ADVENT Sunday’s BBC TV Songs of Praise programme came from Christ Church, the Mersey Synod’s URC church in the Wirral village of Port Sunlight.
The Mersey Synod Newsletter’s lead story by Chris Maple, the church Secretary, lets us into the secret of the effort needed to produce the 35 minutes of broadcast material.
He wrote: “It all started with a phone call when a BBC programme producer phoned to say they were thinking of doing the Advent Sunday broadcast of ‘Songs of Praise’ from our church.
“This was the first of umpteen phone calls, many meetings and 386 emails to bring the project to fruition.
“Apart from the producer herself many other BBC people descended on us to consider the suitability of our building – lighting experts, sound engineers and camera men.
“Finally came the week of the recordings.
“The BBC had full use of the church from 4 pm on Sunday October 4 until noon!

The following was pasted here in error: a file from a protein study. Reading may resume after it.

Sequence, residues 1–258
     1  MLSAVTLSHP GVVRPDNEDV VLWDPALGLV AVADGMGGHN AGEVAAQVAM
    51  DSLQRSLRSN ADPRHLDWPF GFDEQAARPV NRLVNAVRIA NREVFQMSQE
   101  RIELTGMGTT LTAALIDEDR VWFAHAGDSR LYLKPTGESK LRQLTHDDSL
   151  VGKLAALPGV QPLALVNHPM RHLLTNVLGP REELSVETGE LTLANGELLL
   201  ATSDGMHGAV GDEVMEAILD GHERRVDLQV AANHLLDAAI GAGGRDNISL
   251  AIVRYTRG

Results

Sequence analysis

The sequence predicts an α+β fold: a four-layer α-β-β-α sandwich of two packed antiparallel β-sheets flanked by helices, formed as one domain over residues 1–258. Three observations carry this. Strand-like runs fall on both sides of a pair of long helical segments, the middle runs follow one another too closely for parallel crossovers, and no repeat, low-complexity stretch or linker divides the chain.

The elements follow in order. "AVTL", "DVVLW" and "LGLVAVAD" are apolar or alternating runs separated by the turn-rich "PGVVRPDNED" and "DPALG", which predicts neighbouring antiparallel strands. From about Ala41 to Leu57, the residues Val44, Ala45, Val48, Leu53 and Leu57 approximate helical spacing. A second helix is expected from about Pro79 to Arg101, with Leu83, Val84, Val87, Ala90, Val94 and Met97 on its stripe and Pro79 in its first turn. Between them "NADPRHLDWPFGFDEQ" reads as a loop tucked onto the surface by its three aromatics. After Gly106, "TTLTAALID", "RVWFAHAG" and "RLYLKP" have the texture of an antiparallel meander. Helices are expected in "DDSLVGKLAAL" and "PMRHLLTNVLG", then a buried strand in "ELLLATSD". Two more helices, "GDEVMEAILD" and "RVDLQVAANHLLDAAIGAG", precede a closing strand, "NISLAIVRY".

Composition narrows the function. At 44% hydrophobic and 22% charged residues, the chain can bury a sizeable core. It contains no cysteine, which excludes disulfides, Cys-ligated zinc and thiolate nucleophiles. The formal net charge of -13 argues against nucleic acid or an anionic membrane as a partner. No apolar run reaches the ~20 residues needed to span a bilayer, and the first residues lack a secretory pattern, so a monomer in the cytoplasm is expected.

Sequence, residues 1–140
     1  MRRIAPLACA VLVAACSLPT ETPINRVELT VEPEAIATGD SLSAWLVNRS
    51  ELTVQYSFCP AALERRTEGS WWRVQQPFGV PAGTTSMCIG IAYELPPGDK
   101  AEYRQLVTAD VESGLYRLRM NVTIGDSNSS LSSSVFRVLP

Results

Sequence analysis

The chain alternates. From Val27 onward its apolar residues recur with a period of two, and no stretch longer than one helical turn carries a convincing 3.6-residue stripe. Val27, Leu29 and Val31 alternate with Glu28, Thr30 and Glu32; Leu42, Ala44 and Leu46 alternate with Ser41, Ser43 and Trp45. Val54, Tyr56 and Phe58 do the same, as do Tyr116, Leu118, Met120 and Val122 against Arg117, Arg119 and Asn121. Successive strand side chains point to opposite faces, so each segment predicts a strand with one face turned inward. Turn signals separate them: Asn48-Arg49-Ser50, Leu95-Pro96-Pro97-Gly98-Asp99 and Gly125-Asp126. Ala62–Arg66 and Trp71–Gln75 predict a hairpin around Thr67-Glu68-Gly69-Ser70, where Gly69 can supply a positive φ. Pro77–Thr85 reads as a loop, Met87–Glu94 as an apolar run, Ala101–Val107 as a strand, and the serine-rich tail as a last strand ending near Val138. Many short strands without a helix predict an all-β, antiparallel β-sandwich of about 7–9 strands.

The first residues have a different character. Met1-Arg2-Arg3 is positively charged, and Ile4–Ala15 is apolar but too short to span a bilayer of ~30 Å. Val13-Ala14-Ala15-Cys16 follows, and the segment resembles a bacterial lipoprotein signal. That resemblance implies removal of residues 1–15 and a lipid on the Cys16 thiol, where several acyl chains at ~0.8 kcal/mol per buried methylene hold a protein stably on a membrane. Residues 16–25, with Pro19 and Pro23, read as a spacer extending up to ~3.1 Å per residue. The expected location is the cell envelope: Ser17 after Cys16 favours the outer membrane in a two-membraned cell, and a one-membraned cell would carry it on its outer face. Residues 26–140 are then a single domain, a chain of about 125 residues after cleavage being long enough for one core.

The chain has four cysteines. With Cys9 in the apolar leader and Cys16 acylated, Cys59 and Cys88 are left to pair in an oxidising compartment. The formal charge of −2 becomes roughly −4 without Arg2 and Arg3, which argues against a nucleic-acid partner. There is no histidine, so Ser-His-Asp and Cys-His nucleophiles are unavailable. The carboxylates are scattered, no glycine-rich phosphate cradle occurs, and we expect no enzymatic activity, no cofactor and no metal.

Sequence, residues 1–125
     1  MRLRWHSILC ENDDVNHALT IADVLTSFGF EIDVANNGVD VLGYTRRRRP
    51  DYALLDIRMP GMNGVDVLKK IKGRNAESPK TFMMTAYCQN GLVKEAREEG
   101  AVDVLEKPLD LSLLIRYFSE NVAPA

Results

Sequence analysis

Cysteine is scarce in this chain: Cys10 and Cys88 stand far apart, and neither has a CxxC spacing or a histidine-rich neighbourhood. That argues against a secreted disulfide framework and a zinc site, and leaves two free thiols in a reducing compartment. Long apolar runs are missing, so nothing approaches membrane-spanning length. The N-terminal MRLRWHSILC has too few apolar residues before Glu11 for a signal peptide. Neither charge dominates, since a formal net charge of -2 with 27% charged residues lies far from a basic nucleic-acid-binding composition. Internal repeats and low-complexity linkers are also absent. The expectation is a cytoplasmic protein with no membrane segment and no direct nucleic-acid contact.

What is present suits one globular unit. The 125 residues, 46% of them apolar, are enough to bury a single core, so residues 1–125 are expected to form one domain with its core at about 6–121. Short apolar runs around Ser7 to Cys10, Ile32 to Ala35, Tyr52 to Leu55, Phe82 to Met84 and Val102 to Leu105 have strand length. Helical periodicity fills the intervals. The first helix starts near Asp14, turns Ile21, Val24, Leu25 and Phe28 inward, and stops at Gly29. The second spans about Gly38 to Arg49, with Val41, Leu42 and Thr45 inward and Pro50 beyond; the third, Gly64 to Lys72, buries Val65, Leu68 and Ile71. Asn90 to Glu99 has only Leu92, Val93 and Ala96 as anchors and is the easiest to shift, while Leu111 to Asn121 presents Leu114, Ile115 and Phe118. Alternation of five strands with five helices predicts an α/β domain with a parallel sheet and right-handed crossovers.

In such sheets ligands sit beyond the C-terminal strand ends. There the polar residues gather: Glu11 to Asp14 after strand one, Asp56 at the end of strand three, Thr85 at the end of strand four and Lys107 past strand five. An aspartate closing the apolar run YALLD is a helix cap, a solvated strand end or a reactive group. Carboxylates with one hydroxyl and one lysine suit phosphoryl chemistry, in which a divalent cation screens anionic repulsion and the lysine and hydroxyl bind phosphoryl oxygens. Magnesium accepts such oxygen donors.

“The BBC were concerned that there would not be enough demand for tickets.
“In the end they received over 900 applications for the 550 tickets available!”
Churchgoers still value the preacher
According to researchers at Durham University, most of the 3.6 million regular churchgoers in Britain, still feel a sense of expectation for the Sunday sermon, although we live in an age where ‘sermonising’ is seen as the eighth deadly sin.
Evangelical Christians looked forward most to sermons, Roman Catholics were most keen on sermons that educated rather than challenged, Baptists wanted sermons to convert them, Anglicans wanted to be entertained and member of the new independent evangelical churches wanted to be challenged and encouraged.
Baptists and RCs were also enthusiastic about the Bible being mentioned in sermons than were Anglicans and Methodists.
The best sermons were judged to be inspirational invocations on how to live a better life in the grace of God; the worst soporific ramblings that remind the congregation merely of how uncomfortable the pews were!
A Chief Constable who regularly sees her bishops and archbishop
Barbara Wilding, the Chief Constable of South Wales, regularly sees her bishops and archbishop.
“We work very closely together,” she told the Church Times.
But, if she were to be locked in a church with the person of her choice, she chose Mary Magdalene, “to see where we are now, and to ask her if our society is as it was meant to be”.